In March of 2013, Liyuan Peng, appeared before the media spotlight for the first time as China’s new first lady. While she is a well-known folk singer, she used her new role to signal support for China’s continued drive toward domestic innovation and consumption – through fashion.
Peng’s outfits were simple and elegant, and rather than from current foreign favorites like LV or Dior, came from a local brand — Exception de Mixmind. Peng’s chic image, an inspiration for mature Chinese women, will be a catalyst for the future growth of the fashion’s industry for mature womenswear.
Mature womenswear is experiencing surging demand as 30-45 year old women grow in numbers and wealth. We estimate that the number of consumers in this segment has now reached 164 million, and that the size of the market has grown from RMB 21.8 billion to RMB 86.7 billion over the past 5 years a CAGR of 41%.
Although attractive, the womenswear market remains fragmented and competitive. The low entry barrier for mid-range products has resulted in thousands of newly established third and fourth tier brands, many produced by former OEMs that manufacture for third parties. Achieving scale has also proved difficult. Increasingly educated consumers are demanding product quality and design that domestic brands struggle to offer. In addition, many fundamental issues, such as aggressive end channel expansion and unclear brand positioning, has also contributed to high failure rates.
To develop market leadership, companies must detach themselves from an OEM product development and distribution mentality. Peng’s example, as well as that of many other famous 1990s celebrities such as Maggie Cheung, has inspired buyers to demand domestic brands with attitude and value. Businesses must satisfy consumer demand, build brand DNA, channel management, and improved in-store experience through a professionalized management team.
To be sure, there are successful domestic womenswear companies that have made significant progress. PORTS has developed a brand culture known of minimalism, grace and its famous “No 10” white shirt. To properly deliver the brand’s core value directly to consumers, Lancy emphasizes on the operation and development of end channels and direct-owned stores. Other brands have also been focusing on innovative sales and distribution model, such as Ochirly, by combining advance ERP system to monitor and control franchisees’ inventory levels and discounts and to manage product prestige.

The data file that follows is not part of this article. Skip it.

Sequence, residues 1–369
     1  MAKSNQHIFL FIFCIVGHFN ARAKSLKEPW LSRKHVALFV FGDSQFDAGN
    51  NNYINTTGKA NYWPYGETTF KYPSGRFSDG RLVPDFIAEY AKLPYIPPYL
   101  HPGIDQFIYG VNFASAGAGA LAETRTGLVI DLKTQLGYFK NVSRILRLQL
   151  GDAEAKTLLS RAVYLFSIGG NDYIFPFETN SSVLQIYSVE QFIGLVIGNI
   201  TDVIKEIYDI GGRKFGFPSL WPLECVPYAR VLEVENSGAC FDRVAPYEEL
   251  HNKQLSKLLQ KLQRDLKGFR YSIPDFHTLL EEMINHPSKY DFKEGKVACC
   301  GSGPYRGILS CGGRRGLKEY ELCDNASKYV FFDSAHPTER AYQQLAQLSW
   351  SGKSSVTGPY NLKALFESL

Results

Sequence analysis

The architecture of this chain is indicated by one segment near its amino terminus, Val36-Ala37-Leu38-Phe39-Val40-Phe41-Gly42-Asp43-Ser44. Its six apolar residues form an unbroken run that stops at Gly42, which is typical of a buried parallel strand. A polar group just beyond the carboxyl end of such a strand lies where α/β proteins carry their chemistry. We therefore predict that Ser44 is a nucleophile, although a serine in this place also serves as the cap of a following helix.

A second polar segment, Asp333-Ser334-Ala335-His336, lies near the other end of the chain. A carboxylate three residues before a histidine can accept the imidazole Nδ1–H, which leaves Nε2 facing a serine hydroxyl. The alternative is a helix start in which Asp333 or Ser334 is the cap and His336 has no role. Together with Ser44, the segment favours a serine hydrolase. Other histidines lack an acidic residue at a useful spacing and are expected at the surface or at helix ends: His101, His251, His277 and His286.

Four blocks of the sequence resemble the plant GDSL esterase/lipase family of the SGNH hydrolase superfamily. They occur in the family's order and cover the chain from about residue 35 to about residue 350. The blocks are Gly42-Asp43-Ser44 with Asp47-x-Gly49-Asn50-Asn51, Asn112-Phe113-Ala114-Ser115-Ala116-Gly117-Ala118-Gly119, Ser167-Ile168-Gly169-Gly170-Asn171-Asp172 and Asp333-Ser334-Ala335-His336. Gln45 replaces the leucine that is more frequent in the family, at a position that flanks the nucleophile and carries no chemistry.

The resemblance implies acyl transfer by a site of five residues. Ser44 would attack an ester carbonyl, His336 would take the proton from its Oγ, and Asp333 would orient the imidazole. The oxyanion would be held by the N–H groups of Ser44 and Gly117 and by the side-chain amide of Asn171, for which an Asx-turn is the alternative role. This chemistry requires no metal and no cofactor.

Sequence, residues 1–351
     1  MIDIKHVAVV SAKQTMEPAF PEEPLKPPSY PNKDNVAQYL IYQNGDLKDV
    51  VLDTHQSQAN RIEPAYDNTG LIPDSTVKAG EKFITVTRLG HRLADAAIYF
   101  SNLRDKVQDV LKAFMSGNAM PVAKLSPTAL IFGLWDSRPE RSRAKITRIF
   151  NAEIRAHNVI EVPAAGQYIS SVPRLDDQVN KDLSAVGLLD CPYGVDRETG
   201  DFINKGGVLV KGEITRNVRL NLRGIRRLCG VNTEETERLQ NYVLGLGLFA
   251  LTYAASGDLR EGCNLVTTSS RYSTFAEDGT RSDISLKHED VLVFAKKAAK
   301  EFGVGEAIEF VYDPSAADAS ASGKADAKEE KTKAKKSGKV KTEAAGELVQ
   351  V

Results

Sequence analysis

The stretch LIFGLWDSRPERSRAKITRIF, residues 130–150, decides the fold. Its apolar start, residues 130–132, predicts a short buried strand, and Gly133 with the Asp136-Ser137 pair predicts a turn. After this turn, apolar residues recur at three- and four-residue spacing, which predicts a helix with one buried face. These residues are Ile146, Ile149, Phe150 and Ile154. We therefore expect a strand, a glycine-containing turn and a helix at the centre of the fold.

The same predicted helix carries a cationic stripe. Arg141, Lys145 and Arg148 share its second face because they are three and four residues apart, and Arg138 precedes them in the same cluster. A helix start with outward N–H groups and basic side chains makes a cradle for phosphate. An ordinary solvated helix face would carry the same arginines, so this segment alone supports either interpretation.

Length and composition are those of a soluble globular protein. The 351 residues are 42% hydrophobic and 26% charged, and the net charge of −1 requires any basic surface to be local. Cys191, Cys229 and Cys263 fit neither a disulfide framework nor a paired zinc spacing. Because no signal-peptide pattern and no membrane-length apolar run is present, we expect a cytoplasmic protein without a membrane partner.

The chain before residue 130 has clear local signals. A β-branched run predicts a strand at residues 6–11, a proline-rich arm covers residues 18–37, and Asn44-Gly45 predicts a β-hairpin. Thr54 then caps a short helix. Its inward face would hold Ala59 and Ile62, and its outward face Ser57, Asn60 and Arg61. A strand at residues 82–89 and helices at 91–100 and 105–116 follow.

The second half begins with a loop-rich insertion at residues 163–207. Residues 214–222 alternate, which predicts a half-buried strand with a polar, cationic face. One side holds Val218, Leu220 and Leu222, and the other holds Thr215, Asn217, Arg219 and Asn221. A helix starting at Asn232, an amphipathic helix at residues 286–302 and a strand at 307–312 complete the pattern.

Investment in the sector has also been active, but we believe many opportunities to capture market growth still exist. Many Chinese brands are developing joint ventures or franchise arrangements with well-known international brands to upgrade their image. Larger listed Chinese apparel groups are developing expertise and opening presences overseas, particularly in towns like Paris and Milan where affluent Chinese consumers are shopping abroad. Government support is also emerging, for example in areas like Shenzhen where annual promotional fairs are being organized to bring domestic brands to Europe to showcase products and absorb foreign ideas and expertise. Acquisitions have also accelerated, such as Bosideng’s purchase of Jessie, a well know mature womenswear brand in Shenzhen, to expand its leadership down winter apparel to appeal to a new customer segment.
We believe that Bosideng’s acquisition is only the beginning of the consolidation of high-end mature womenswear, and signals the opportunity for forward-thinking, well-managed companies to succeed.